Third Country funds which are based in jurisdictions whose regulatory regimes qualify as equivalent in effect to EU standards will be able to apply for a passport for the fund to be marketed throughout the EU. Passporting for Third Country funds is expected to become available within two years of the Directive being implemented and will be subject to compliance with the Directive and to the following conditions:

  1. Regulatory Co-Operation

    In addition to the requirement for supervisory co-operation agreements to be in place (similar to those provided above in relation to the private placement rules), the Third Country AIF Manager must also appoint a representative in the EU Member State with which it has the most substantive connection.
  2. FATF

    The Third Country must not be on the FATF blacklist (as provided above in relation to the private placement rules).
  3. Tax Information

    A tax information exchange agreement ("TIEA") must be in place between the Third Country where the fund is based and each EU Member State where the fund is to be marketed. Cayman currently has TIEAs with the UK, France and Germany and with five other EU Member States.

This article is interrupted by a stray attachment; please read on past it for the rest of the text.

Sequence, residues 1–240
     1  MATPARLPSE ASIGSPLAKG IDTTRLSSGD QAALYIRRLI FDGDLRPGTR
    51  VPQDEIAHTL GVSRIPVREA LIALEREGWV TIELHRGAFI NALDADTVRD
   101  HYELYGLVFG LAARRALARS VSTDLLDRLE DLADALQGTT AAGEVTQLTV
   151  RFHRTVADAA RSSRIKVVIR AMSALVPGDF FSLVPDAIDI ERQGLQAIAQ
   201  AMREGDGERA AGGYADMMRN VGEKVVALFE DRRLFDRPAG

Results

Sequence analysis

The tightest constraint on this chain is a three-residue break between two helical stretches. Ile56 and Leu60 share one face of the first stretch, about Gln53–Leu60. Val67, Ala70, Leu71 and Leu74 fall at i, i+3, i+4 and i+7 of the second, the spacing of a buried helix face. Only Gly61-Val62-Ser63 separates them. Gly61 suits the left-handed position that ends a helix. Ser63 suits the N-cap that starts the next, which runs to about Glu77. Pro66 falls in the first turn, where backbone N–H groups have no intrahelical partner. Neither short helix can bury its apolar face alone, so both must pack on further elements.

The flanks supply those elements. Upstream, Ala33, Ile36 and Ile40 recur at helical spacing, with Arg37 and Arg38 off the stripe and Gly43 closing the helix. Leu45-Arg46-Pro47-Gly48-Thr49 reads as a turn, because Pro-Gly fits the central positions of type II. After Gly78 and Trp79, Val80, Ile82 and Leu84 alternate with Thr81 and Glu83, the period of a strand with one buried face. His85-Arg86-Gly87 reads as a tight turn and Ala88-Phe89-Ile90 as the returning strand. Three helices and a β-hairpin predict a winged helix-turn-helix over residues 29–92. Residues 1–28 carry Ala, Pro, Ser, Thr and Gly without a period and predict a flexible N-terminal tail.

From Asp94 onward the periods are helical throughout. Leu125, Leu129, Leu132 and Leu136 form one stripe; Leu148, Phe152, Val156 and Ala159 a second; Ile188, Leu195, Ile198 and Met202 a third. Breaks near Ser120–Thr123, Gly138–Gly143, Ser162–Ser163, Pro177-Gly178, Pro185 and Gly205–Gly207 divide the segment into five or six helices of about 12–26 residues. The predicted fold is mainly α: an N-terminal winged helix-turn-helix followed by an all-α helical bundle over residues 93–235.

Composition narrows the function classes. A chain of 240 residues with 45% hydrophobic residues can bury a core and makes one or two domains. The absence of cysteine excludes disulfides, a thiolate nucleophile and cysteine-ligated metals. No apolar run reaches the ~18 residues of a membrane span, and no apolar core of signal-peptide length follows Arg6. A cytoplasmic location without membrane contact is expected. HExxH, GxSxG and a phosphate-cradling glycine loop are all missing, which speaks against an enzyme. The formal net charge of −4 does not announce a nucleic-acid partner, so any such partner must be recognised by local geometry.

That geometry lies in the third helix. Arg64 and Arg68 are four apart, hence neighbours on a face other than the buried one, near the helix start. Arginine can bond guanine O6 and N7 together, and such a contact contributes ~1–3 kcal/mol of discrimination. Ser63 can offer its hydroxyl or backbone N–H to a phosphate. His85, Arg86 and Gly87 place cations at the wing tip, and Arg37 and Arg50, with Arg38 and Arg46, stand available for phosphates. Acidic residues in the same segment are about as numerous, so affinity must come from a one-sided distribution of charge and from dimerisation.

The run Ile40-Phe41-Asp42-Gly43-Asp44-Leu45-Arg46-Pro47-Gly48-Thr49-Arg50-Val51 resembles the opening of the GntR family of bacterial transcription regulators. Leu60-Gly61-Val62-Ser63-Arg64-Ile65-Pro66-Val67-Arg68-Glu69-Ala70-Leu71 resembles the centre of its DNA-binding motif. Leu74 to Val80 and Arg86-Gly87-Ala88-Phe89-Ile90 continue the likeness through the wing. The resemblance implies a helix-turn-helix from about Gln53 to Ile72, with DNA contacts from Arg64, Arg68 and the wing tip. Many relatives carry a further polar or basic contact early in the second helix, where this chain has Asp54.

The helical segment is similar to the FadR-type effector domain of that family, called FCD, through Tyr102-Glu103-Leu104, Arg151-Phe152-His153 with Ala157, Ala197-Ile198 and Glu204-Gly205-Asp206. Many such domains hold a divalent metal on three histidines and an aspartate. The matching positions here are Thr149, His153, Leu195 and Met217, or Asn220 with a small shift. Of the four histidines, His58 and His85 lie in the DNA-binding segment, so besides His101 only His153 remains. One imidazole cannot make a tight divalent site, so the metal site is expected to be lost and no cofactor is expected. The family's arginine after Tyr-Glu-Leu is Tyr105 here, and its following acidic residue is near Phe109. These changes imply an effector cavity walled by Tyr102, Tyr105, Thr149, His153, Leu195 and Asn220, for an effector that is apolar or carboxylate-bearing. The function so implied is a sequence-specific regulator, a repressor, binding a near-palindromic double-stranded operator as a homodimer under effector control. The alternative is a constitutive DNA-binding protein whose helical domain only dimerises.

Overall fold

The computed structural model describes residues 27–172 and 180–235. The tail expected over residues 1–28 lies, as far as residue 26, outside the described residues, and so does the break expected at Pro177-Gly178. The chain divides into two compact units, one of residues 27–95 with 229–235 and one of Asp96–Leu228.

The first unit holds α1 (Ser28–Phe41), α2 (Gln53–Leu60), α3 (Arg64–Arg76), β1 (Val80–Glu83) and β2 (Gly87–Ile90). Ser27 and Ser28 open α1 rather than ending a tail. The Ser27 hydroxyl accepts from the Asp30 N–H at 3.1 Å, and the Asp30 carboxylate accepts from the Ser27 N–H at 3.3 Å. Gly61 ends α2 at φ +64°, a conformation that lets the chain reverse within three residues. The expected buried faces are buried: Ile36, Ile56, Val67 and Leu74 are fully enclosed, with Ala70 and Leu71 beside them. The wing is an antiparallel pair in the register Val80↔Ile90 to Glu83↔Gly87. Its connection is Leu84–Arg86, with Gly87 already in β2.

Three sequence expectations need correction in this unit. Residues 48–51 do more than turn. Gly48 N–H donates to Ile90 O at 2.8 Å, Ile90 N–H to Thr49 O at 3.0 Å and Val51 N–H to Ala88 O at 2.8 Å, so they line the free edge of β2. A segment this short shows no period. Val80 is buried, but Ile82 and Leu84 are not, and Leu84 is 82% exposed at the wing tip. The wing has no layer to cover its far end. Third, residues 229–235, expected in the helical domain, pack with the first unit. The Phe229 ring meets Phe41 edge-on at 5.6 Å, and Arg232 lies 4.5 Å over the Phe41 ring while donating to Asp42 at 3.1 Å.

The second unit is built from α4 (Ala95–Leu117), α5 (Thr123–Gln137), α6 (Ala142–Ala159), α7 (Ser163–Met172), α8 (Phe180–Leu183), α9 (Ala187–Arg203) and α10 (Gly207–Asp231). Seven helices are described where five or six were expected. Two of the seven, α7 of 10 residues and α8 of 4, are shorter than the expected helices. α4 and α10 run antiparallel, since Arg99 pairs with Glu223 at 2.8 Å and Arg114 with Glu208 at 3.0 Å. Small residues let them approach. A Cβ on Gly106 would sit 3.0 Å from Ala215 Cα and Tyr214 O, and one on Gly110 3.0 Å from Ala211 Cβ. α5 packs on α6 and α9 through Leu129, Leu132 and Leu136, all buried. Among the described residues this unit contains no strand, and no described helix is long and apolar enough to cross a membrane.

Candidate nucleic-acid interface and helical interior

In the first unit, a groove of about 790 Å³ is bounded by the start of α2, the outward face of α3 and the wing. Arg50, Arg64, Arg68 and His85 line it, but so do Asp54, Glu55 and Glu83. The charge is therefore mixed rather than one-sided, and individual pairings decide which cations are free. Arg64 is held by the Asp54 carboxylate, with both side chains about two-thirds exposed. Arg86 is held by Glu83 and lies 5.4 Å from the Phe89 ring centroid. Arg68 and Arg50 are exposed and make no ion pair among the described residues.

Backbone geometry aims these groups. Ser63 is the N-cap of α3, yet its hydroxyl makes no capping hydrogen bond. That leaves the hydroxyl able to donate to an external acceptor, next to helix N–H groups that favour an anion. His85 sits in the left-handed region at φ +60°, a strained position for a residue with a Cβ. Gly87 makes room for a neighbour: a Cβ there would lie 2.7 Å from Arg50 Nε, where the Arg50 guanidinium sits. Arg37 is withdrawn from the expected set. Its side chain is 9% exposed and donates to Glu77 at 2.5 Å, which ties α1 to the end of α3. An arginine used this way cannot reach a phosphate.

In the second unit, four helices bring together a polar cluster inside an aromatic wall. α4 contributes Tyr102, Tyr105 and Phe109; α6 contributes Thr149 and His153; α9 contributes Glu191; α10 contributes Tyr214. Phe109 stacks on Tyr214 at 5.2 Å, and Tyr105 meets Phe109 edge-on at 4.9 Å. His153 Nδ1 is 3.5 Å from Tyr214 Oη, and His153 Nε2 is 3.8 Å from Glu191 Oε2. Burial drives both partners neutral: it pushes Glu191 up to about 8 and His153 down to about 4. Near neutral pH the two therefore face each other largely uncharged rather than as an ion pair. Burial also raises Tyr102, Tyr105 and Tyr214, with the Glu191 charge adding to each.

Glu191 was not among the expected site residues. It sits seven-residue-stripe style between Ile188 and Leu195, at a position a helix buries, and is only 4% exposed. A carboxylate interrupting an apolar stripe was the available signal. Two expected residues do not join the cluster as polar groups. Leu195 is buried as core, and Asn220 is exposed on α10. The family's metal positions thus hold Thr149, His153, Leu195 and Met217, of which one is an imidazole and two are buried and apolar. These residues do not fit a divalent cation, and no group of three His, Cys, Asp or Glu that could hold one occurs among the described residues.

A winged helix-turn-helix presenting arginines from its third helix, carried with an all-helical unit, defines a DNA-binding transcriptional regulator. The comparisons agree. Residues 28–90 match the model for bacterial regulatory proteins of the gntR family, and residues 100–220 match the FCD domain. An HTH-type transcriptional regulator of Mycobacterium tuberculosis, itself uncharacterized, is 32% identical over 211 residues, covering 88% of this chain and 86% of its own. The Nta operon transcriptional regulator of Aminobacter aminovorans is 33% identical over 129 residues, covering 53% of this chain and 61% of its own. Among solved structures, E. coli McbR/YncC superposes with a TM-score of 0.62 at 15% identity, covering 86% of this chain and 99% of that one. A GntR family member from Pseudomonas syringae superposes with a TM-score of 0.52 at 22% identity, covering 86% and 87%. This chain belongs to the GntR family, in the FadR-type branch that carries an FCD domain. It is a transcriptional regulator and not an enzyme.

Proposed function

On the basis of current regulatory policy and the continuing enchancements following the IMF's review in 2009, Cayman is expected comfortably to satisfy the equivalence requirements when passporting becomes available.

However, the costs of complying with the full requirements of the Directive, in terms of capital adequacy, leverage restrictions, appointment of external valuation agents, depository and other requirements may impact adversely on a fund's total expense ratio. The benefits of passporting are likely to accrue principally to retail funds which are marketed on a pan-European basis. Alternative investment funds, in contrast, have traditionally been marketed on a selective distribution basis to professional and institutional investors and for such funds the benefits of passporting may prove to be illusory.

Passive Marketing

The Directive does not apply to passive marketing or to reverse solicitation. This means, in effect, that EU investors may contact Third Country AIF Managers and invest in Third Country funds even if the AIF Manager does not satisfy any of the provisions of the Directive.

Marketing Outside the European Union

EU AIF Managers and EU alternative investment funds will become subject to significant additional requirements under the Directive, including disclosure requirements, leverage limitations, concentration restrictions, reporting requirements and caps on remuneration for managers. As a result, it is expected that a number of arrangers will wish to establish Third Country funds and/or feeder funds and associated Third Country AIF managers for the purposes of marketing alternative investment funds to investors based in the US or Asia.

The content of this article is intended to provide a general guide to the subject matter. Specialist advice should be sought about your specific circumstances.